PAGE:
Page 85 - Empowering pre-service teachers through inquiry - Lidewij van Katwijk
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                                Pre-service teacher inquiry; an international comparison
 3 Framework of the study
We examine pre-service teacher research in two country contexts, the Netherlands
and Australia, chosen because of their similarities in qualification level (i.e., Australian
Qualifications Framework 2013, p. 51; European Union, 2016; Vereniging Hogescholen,
2016), standards for teacher education (Australian Institute for Teaching and School
Leadership, 2011; Onderwijscoöperatie, 2014), curricula, and learning outcomes for
pre-service teacher research (as reflected in handbooks and programme descriptions
of the participating institutes that we reviewed in 2016). The participating institutes 4 in the Netherlands list the following goals for pre-service teacher research: an inquiry
habit of mind, knowledge about and use of educational research, and skills to conduct research. Similarly, knowledge and skills to understand and conduct educational research are the main objectives of the pre-service teacher research projects in the Australian institutes. In all cases, the pre-service teachers must write a literature review and a research proposal, before collecting data and writing a report. In both countries, the research projects also are connected to practice.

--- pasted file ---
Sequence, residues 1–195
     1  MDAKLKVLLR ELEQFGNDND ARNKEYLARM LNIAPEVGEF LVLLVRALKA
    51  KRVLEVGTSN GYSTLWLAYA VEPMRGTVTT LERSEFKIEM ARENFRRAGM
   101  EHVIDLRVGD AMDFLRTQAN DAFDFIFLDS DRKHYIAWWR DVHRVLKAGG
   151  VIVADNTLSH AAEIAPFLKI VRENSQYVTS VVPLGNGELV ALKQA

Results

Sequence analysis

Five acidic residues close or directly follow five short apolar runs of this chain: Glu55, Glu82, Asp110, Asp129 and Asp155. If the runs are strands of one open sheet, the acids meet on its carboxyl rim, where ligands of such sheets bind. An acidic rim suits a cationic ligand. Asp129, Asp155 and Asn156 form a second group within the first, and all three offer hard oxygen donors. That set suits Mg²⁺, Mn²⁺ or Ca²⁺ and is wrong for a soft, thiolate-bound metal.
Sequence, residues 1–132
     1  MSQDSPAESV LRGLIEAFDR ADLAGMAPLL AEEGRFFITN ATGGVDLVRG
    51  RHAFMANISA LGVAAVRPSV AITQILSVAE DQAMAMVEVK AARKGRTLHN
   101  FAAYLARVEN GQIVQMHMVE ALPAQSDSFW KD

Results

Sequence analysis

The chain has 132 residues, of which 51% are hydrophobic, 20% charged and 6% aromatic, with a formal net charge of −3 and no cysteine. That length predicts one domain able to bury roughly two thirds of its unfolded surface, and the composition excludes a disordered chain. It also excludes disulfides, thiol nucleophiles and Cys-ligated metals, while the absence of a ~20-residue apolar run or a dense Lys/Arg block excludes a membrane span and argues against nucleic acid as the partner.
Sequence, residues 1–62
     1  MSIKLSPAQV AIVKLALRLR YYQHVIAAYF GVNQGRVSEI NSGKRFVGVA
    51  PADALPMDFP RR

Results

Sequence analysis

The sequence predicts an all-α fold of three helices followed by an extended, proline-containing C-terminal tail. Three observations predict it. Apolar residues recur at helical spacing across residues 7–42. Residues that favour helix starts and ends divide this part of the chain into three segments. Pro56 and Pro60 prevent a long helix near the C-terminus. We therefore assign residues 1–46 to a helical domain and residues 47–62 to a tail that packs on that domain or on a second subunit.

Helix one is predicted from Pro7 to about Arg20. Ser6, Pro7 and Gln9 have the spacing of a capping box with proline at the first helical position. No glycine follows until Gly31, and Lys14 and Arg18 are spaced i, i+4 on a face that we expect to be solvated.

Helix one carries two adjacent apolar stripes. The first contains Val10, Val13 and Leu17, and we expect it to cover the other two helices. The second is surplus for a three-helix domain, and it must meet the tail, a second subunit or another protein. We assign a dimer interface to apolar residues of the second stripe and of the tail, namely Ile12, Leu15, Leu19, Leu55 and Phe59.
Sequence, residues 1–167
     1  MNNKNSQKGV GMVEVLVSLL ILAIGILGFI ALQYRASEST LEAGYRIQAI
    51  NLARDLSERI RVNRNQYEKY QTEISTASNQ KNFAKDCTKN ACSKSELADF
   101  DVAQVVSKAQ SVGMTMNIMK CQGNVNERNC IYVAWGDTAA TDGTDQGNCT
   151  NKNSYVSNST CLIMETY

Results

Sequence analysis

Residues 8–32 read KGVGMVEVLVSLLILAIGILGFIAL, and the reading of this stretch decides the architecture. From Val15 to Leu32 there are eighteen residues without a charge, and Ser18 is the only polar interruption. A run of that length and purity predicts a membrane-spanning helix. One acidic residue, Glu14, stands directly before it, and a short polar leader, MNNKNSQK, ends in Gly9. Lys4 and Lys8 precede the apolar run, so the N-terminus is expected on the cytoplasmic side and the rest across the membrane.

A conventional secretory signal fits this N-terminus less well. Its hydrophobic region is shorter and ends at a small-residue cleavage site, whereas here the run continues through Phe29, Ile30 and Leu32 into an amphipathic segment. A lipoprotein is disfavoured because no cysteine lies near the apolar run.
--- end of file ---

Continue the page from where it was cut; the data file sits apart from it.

On the basis of prior literature (e.g., Aspfors & Eklund, 2017; Cochran-Smith & Lytle, 2009; Munthe & Rogne, 2015) and the aforementioned goals and knowledge areas for pre-service teacher research, we distinguish four main aspects of pre-service teacher research:
1. Research knowledge, or a broad understanding of a body of knowledge about education and research, as well as underlying theoretical concepts (e.g., Dana & Yendol-Hoppey, 2014; Jacobs et al., 2015; Munthe & Rogne, 2015; Sachs, 2016). Aspfors and Eklund (2017) describe this aspect as an element of research competence.
2. An inquiry habit of mind, defined by Earl and Katz (2006) as a way of thinking to gain profound understanding, being reluctant to conclude, tolerating contradictions, looking from different perspectives, and continuously asking questions. Cochran-Smith and Lytle (2009) refer to it as “inquiry as stance,” which includes being open to learn from one’s own professional environment, as well as a fundamentally critical attitude. Van der Rijst (2009), whose work is regularly cited in Dutch higher education policy, articulates six characteristics of an inquiry habit of mind: a tendency to be critical as well as wanting to understand, to share, to innovate, to know, and to achieve.

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